In this book, Barker does not come off like a super-genius, like Sherlock. He is smart, and logical, and has connections all of the city, who provide a lot of information, but he is a great deal more physical than Sherlock. He's muscled and knows his way around weapons. He is eccentric, fairly unpredictable, but surprisingly human. He shows emotion and feeling far more freely than any Sherlock Holmes I've met (he's not Sherlock Holmes, Ella), and he has close friends. I found Barker to be a very likeable character in this book, especially when I had RDJ's face associated with his name. I was a little surprised by how much I liked him, because we don't see a whole lot of him in this book. The novel is written from Thomas Llewelyn's viewpoint, and he and Barker are very unlike Sherlock and Watson in that they are close associates, but not inseparably close friends like Conan Doyle's heroes. I found Llewelyn to also be incredibly likeable. He is a great deal smarter than Watson, with more sarcasm and snark (I laughed out loud at something he said), and he is not afraid to go out and do his own sleuthing apart from Barker.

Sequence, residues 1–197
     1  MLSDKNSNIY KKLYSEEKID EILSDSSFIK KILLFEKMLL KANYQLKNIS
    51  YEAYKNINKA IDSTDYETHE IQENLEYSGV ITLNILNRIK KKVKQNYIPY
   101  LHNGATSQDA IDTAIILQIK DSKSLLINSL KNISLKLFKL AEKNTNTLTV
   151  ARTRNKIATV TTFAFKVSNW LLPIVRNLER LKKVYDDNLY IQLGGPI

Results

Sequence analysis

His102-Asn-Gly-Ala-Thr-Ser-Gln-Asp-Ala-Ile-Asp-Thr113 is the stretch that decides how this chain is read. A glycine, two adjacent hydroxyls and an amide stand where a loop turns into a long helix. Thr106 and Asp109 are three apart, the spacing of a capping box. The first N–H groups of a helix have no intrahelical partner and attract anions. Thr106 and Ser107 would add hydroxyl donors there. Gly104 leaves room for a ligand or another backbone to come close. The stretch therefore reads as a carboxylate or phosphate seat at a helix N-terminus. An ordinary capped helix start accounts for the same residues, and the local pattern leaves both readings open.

I also enjoyed the plot. I haven't recently read anything where there is a strong character placed in opposition to the main character, and I liked that for a change. Sebastian Nightwine is a despicable person, and I loved seeing him and Barker go at it. Another thing I loved about the plot was the way the two sleuths were being chased by the person they were trying to find out. I know that's not like an amazing new thing that's never been done before, but it was fun following them around London as they try to stay away from not only their enemy, but also the police. I also really enjoyed the story from the first-person viewpoint of Thomas: he has an engaging voice and a pleasant amount of humor. The plot twist at the end of the book – Barker's death, and then not-death, really surprised me and caught me off guard. I mean, looking back, it was kind of predictable, but I guess I'm just kind of gullible when it comes to mysteries, which makes them fun to read. And the ending of the book really makes me want to read the next one, which I don't think is out yet.
The author's writing style is perfectly suited to what he writes about – I think it's great. It's the kind of writing that makes the story the highlight, and not the writing, which is the best sort of writing, according to Roy Peter Clark.
Overall, I really enjoyed this book: the characters were likeable and engaging, the plot was fast-paced and interesting, and the writing style suited to the story. I will definitely continue to read this series and I recommend it to mystery readers and fans of Sherlock Holmes!
*This was a book I picked up for the Snagged @ The Library Reading Challenge this year. Find out more about that challenge here.